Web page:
Like doctors and dentists, veterinarians work most effectively when they have an efficient support staff to help them with the routine duties of their practice. As a veterinary technician you'd be responsible for much of the animals' direct care and for interacting with their owners. The stronger your clinical skills, the more valuable you'll be to your veterinarian.
Helping the veterinarian make a fast and accurate diagnosis is one of your most important duties. A thorough nose-to-tail examination can take a long time, but your observations will often help the vet focus quickly on any pertinent symptoms or visible injuries. You'll also interview the owner, asking questions to draw out any usable information about the animal's behavior and apparent symptoms. In some cases, you might also collect urine, stool or tissue samples for testing. When you're finished, the vet should have all the information necessary to arrive at a diagnosis.
Some technicians acquire advanced clinical skills, either through on-the-job training or formal courses. For example, you might take control of the anesthesia process once your veterinarian has sedated the animal. That frees the veterinarian's attention to focus on the surgery itself. Laboratory testing skills can also be valuable to a veterinarian. For example, some conditions can be diagnosed best through microscopic examination of cell samples from the animal. That's called cytological examination, and it means you'll need to understand how to prepare slides and stain them to make the cell structure visible. By examining the cells under a microscope, you can screen the animal for diseases such as cancer.
Often, the biggest contribution you can make to the practice is competent handling of routine care. That can include administering medications to the animals under treatment, monitoring their condition during recovery, or assessing the progress of a care or weight-loss program. If further tests are required, you can also collect the appropriate tissues or samples for later analysis.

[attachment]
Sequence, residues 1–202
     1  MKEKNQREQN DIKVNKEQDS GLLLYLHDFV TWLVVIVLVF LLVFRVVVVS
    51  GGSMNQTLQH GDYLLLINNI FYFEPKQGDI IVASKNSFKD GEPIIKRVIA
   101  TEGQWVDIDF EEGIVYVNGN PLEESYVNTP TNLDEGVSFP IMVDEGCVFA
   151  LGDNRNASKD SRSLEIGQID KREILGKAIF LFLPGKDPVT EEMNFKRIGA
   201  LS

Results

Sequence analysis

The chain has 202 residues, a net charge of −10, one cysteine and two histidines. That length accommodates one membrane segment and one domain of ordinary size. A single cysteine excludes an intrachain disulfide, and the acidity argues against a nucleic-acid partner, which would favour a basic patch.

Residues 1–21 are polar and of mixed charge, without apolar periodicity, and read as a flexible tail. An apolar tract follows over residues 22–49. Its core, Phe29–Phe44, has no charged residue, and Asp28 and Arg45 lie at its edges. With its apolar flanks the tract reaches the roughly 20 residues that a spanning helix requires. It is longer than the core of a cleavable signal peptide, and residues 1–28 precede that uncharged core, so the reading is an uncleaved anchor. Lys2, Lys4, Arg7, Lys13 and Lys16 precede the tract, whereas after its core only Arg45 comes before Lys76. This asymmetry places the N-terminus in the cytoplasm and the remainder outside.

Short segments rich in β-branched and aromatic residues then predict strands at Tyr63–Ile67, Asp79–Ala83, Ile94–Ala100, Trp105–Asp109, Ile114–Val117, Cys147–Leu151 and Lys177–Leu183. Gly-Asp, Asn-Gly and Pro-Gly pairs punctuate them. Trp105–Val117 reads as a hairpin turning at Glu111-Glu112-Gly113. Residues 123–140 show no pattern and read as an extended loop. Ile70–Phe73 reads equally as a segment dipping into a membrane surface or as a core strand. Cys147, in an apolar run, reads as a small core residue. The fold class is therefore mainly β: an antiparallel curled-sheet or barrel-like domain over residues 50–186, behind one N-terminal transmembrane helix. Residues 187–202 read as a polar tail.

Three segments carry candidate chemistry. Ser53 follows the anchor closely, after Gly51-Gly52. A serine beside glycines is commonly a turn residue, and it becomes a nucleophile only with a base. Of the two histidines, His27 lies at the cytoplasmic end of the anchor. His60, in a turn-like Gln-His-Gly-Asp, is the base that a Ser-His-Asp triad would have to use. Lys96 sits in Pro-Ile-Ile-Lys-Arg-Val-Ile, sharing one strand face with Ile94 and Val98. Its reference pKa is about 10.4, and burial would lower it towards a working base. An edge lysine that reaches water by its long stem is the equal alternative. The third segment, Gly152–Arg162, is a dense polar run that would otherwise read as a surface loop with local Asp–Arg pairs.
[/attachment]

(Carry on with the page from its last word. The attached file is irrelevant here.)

You'll need to earn a two-year associate degree in veterinary technology to practice as a technician, and you'll also need to pass a licensing exam. If you take a four-year bachelor's degree you'll qualify as a technologist, rather than a technician, and have the skills for more-advanced diagnostic tests and procedures. In practice there can be little difference between the two. It comes down to the needs of the practice, and the veterinarian's willingness to train you on the job. Once you're trained and licensed, your employment prospects will be exceptional. The U.S. Bureau of Labor Statistics expects 52 percent job growth by 2020, several times higher than the 14 percent average for all occupations.
Fred Decker is a trained chef and certified food-safety trainer. Decker wrote for the Saint John, New Brunswick Telegraph-Journal, and has been published in Canada's Hospitality and Foodservice magazine. He's held positions selling computers, insurance and mutual funds, and was educated at Memorial University of Newfoundland and the Northern Alberta Institute of Technology.